Take the time to write good anchor text that helps the reader understand the phrase and be able to use the link for deeper understanding. The link needs to be relevant to the entire phrase.
Use Your Keywords
It’s OK to use keywords in your anchor text.
In fact, you can use some exact matches to keywords in your internal links.
That doesn’t mean to be excessive in the use of keywords, and your anchor text can’t all be the same. But using keywords isn’t a complete no-no like it can be with backlinks.
You want the anchor text and the link to help Google understand what the page is about, and help users navigate your site.
Link Content to Content
This sounds straightforward, but let me explain.
Typically, people think about building links to pages such as the site’s “About,” “Contact,” “Products” or other main pages. But with proper website setup, there should already be enough links built to those pages.
So it’s better to spend your time building links from one content page to another content page. By doing this, you are building a strong internal linking structure, and spreading internal linking.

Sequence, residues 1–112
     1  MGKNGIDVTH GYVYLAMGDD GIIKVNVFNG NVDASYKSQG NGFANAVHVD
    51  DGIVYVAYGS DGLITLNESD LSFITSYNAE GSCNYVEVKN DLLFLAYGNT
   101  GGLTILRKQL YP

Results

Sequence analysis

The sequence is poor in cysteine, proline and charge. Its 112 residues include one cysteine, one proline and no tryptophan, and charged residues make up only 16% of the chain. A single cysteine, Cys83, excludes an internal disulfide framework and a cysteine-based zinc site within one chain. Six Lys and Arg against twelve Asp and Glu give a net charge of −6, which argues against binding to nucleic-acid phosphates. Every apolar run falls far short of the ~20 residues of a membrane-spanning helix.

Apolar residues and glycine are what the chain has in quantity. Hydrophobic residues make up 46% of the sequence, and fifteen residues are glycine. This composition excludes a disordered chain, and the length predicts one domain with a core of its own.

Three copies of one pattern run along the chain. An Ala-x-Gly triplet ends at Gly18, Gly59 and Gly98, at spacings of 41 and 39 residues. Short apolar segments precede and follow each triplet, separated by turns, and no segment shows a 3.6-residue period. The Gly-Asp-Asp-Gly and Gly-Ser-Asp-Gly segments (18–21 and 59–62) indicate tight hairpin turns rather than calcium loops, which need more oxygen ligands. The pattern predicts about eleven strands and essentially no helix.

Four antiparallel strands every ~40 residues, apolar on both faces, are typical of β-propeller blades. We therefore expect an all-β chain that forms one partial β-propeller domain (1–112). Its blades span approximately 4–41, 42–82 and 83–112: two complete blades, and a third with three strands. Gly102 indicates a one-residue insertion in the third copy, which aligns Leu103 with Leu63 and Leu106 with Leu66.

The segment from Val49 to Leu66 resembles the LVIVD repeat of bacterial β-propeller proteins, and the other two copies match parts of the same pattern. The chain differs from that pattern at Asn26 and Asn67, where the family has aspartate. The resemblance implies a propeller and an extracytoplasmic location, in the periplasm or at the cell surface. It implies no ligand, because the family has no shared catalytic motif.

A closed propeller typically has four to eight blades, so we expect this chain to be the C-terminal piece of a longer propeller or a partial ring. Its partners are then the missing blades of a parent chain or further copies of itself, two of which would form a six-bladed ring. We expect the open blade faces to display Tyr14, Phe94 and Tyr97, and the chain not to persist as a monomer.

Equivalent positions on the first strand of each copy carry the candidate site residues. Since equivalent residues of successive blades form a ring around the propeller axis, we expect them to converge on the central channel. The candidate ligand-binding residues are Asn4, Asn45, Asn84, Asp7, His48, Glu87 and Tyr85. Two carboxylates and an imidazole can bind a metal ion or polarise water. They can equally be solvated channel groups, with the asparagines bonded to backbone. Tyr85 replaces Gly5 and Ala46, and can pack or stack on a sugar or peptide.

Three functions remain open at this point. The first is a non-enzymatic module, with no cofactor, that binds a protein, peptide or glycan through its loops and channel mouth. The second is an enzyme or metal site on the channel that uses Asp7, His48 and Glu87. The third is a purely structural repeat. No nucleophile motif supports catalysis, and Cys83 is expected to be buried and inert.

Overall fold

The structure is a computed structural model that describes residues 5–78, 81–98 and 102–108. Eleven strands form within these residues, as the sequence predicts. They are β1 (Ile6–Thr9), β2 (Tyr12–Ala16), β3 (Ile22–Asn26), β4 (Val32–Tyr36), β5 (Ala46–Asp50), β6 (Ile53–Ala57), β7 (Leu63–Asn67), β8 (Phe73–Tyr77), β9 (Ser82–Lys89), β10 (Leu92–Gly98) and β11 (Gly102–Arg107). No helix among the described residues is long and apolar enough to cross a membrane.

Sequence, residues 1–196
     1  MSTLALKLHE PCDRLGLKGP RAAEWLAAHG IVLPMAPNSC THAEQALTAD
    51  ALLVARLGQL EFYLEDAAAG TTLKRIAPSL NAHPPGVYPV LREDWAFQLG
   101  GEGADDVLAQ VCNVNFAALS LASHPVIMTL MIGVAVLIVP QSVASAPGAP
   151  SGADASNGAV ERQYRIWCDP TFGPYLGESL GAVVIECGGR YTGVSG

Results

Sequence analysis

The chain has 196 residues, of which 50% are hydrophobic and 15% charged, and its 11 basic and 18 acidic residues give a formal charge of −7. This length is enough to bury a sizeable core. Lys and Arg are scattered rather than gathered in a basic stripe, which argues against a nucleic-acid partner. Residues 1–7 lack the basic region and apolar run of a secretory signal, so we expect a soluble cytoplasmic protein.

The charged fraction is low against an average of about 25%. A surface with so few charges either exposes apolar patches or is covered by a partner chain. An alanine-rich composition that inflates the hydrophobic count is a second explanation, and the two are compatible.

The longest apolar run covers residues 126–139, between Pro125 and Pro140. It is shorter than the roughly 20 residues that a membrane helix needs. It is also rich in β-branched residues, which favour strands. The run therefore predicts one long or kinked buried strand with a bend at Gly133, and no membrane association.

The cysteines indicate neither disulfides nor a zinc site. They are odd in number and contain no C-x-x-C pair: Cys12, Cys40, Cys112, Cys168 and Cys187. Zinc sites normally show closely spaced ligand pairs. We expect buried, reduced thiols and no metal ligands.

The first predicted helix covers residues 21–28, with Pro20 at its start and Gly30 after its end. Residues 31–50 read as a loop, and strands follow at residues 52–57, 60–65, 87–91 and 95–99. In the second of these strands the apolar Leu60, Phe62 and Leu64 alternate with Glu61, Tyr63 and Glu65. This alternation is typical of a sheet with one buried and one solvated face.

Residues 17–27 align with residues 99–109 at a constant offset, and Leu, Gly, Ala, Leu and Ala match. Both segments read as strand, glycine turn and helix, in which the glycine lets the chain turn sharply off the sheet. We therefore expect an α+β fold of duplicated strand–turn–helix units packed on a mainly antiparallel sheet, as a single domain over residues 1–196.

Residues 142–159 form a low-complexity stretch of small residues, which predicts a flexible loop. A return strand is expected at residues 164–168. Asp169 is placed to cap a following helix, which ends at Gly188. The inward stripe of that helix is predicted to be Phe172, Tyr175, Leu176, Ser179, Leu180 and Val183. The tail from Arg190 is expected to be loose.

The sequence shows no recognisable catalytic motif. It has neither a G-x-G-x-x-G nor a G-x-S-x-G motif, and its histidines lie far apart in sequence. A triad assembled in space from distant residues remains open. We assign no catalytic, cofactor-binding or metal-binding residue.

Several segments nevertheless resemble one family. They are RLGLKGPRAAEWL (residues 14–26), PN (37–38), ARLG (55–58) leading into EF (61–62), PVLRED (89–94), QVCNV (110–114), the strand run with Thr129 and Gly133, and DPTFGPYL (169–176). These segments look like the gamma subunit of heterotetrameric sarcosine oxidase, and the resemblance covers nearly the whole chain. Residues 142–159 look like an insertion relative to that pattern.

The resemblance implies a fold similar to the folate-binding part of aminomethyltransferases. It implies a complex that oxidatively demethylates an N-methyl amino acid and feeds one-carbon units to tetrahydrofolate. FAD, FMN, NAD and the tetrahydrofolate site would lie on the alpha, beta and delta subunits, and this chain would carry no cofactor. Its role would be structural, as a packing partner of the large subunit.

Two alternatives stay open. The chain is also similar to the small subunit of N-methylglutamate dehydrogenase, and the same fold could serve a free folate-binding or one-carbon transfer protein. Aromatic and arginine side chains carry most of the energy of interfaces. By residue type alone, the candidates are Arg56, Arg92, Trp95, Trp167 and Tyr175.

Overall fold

So put links in your content, linking to other content.
Place the Links High on the Page
Adding your links high on the page actually improves your bounce rate, keeping readers on your site longer.
That makes search engines happy with your site, because they see that people are spending a lot of time on your site. That makes your site move up the ranks for that specific keyword search.
That doesn’t mean links should only be at the beginning of a post – they should be throughout. But a few up at the top will help keep your readers engaged and boost your results with search engines.
Use Your Most Important Pages To Build Links
There are a few different ways to determine your most important pages.
They can be your pages with the most link authority, in which case you build internal links from the high-authority pages to a new article, an older post you want to boost, or a page that is a priority to boost in search results. The link authority will transfer to the new page.
They may also be pages that convert the most customers, whether that’s by making a purchase, signing up for a newsletter, or whatever you consider a conversion on your page.
In that case, you’re linking from the new (or older) content to that important or high conversion page. This can help with revenue and not just SEO.
You can also use a high-authority page like your Homepage to link from, to help those areas of your site that you want boost. For instance, if your front page is one of your most authoritative pages, create a link to your blog from the homepage.